Travel Africa issue 65 – Winter 2013/14


Travel Africa 65 - Winter2014Travel Africa Issue 65 – Winter 2013/14

  • In this issue
  • Lions
  • How to choose a lodge
  • Sea and safari in South Africa
  • Self-drive in Kenya
  • Malawi’s Majete National Park
  • Explore Tuli Wilderness
  • Namibia’s Kalahari region
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So, you want to see a lion, do you?

What it’s like, and why they’re fighting for survival. Of all the big cats, the lion is the easiest to encounter on safari. While leopards remain elusive and cheetahs live at low density, lions roar often in the night, males march across the plains, lords of all they survey, and prides routinely pass the daylight hours if not in full view then in easily accessible pools of shade. Lions are cats of few mysteries, one of scant species in the wild that can afford to be visible and at rest. And yet, lions are in trouble.

How to choose a lodge
Luxurious lodges, romantic camps, remote campsites, quirky treehouses… there are masses of wonderful-sounding places to stay on safari. So how on earth do you choose? If you want to be certain of finding accommodation that suits your interests, fits your budget and makes a positive contribution to conservation and community development, you’ll need to do some careful research – or consult a travel specialist you really trust. Emma Gregg is here to help you on your way.

Sea and safari in South Africa
Thanks to its spectacular diversity, South Africa offers more holiday possibilities than any other nation on the continent. We asked Carrie Hampton, who has visited more than 200 safari lodges and dozens of beaches, to let us into the secrets of its best bush and beach destinations.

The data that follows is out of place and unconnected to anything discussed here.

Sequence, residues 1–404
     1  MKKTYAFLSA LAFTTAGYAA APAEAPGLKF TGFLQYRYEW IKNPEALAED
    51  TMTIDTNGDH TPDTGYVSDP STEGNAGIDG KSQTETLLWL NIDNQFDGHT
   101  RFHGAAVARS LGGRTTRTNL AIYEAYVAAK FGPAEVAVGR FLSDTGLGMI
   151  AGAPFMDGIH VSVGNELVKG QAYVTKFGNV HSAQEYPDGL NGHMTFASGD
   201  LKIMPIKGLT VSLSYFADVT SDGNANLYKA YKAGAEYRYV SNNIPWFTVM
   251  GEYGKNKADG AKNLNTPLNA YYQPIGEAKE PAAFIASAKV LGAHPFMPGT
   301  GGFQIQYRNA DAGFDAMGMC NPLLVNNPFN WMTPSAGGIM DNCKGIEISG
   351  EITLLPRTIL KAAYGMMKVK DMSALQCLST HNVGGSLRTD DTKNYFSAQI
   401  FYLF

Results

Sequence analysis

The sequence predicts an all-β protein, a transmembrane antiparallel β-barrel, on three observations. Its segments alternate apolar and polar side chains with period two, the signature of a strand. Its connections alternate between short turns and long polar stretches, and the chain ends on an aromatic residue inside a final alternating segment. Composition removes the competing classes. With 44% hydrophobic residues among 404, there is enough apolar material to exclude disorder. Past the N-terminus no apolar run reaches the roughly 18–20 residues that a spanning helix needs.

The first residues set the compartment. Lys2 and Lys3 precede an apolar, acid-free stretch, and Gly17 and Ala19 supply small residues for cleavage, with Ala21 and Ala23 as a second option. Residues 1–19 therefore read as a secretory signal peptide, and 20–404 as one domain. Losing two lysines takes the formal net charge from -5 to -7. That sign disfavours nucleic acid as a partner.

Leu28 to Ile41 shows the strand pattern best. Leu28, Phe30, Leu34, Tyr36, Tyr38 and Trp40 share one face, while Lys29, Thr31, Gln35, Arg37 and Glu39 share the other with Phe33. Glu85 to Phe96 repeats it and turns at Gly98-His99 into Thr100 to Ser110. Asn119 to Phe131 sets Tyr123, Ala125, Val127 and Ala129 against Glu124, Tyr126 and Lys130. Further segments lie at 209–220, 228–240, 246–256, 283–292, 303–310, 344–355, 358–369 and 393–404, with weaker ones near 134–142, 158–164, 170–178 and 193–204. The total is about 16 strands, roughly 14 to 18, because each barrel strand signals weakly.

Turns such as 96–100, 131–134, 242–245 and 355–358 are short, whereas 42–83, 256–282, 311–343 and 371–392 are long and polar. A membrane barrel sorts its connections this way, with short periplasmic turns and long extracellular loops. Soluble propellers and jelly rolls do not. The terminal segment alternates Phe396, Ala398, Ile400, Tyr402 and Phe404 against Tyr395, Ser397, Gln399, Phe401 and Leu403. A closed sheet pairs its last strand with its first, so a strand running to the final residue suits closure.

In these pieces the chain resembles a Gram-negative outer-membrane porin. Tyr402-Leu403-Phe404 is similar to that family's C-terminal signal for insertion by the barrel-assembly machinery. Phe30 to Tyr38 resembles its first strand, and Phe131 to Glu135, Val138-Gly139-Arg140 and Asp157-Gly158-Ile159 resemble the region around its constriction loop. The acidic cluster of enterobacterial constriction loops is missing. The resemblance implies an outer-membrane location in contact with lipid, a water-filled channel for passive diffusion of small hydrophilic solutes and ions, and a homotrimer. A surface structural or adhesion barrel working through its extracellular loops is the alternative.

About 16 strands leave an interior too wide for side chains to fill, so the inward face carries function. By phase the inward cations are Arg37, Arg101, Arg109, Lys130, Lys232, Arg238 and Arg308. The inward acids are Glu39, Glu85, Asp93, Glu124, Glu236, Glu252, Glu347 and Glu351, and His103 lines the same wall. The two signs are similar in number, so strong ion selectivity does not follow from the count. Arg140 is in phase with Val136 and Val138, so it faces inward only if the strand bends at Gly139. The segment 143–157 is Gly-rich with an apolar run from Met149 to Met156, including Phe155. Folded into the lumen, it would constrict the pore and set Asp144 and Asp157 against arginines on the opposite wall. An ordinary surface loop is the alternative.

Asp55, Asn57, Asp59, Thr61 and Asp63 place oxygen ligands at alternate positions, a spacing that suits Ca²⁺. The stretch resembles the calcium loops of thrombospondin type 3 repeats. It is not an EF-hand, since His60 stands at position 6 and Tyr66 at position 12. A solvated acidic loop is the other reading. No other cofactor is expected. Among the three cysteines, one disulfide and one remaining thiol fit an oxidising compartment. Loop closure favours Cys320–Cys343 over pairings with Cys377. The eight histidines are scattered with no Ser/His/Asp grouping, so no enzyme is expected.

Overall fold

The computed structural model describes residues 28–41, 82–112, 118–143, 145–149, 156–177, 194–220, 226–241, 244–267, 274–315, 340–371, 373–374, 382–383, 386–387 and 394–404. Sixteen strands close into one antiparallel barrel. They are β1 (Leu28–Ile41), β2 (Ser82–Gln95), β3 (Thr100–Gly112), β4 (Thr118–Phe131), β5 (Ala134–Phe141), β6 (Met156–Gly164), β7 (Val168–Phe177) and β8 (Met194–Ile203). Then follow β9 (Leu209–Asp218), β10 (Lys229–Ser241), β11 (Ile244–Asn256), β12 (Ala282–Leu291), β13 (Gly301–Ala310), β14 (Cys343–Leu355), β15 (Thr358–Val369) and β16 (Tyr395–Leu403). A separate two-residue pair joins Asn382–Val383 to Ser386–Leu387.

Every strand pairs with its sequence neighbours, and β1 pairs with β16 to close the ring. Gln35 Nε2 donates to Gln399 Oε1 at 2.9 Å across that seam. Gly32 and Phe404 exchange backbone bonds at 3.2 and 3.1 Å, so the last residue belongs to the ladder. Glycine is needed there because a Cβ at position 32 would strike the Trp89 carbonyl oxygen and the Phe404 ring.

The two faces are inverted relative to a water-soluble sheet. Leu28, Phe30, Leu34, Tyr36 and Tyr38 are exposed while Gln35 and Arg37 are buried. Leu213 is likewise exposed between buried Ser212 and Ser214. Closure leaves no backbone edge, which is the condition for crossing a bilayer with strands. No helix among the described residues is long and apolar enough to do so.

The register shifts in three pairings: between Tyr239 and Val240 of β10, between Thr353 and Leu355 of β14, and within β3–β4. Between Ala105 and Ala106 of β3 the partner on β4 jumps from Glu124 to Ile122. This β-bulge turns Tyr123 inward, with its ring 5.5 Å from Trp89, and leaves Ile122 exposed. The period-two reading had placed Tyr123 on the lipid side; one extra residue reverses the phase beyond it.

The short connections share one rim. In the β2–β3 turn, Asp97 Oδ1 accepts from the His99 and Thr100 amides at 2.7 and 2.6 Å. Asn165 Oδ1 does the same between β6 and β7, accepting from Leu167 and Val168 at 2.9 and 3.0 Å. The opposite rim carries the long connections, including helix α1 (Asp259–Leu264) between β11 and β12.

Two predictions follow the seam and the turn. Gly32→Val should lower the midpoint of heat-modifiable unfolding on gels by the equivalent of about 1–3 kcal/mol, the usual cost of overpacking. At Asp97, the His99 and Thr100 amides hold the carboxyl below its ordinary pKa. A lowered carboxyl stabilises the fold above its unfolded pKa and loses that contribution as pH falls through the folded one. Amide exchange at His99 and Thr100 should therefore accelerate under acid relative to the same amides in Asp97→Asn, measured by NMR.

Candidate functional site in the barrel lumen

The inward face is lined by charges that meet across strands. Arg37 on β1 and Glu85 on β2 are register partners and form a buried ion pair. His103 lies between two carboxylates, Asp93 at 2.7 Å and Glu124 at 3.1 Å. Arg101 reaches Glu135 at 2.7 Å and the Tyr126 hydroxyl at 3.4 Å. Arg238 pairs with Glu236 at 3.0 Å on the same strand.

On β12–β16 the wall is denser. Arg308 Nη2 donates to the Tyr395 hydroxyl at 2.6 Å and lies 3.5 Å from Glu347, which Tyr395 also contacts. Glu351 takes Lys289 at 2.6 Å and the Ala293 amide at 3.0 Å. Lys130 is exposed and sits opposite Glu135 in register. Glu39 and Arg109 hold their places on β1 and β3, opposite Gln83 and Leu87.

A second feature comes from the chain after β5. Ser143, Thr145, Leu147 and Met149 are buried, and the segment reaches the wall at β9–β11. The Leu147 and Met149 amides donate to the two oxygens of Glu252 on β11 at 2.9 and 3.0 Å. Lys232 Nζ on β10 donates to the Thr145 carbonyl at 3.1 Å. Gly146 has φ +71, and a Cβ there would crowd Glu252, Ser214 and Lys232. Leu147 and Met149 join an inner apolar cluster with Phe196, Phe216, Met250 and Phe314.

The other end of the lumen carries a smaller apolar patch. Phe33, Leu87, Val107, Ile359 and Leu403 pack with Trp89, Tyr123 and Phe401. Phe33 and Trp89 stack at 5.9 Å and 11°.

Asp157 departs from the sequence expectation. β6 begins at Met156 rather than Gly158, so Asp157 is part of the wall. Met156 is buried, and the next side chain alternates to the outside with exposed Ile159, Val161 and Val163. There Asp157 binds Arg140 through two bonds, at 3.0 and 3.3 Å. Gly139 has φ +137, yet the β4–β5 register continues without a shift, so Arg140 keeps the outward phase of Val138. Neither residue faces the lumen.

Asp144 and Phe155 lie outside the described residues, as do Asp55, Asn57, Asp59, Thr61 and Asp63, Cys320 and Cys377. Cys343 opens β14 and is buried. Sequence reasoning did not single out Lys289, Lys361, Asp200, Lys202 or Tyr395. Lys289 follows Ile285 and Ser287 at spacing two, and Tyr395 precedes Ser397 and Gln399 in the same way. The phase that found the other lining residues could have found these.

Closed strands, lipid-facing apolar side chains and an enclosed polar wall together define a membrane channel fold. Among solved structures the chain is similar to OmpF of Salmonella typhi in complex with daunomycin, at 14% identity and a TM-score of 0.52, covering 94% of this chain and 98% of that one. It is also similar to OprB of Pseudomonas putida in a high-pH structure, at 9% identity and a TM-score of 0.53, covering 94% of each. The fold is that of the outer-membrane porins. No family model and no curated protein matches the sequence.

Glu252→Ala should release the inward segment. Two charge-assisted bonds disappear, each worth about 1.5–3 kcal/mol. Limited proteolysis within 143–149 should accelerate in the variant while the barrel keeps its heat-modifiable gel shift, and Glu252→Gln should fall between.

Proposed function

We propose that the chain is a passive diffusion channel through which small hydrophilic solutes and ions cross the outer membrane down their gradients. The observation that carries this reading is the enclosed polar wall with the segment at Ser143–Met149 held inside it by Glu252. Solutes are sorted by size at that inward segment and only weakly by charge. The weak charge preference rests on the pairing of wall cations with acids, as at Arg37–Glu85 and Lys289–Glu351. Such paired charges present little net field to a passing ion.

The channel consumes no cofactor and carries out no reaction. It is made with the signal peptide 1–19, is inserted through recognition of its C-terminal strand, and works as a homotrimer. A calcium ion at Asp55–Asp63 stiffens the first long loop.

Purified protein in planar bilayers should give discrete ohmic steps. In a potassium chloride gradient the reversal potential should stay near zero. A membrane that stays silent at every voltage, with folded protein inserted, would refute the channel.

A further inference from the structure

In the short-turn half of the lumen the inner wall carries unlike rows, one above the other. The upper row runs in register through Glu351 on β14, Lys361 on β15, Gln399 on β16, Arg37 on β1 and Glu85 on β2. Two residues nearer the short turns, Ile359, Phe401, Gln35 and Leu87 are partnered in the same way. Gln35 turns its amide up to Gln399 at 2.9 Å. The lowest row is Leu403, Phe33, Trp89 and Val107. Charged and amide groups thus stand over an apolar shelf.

Self-drive in Kenya
Kenya is not usually the first destination you’d choose for a self-drive safari. So when wildlife photojournalists Steve and Ann Toon decided to tour its wildlife reserves in a restored but rusting 1970s Toyota Land Cruiser, it was sure to be an epic adventure…

Explore Tuli Wilderness
The Tuli Wilderness in southeastern Botswana truly feels like a place where time has stood still. The land has remained largely unfenced and untouched, leaving the wildlife to wander as instinct dictates. So what better way to explore this enchanted land of dust than in the footsteps of the giants who call it home. Tabby Mittins and photographer Villiers Steyn step into the tracks of elephants to find out what this beguiling region has to share.

Malawi’s Majete National Park
From poachers’ playground to thriving game reserve: at last some positive news for Africa’s wildlife. Aaron Gekoski and Gemma Catlin visit Malawi’s Majete National Park to discover a conservation success story in action.

Namibia’s Kalahari region
The Kalahari region of southeast Namibia is home to none of the country’s major tourist hotspots. Its greatest claim to fame used to be a spectacular sandstone masterpiece known as God’s Finger; but this geological anomaly collapsed way back in 1988 and the area has languished off the safari circuit ever since. Intrigued to find out whether there are any other notable attractions secreted amongst the dolerite boulders and red Kalahari sands, Stephen Cunliffe decided to set out and explore. The off-the-beaten-track highlights he discovered among the region’s sprawling sheep farms and wide open spaces don’t feature in any tourist brochures. Yet.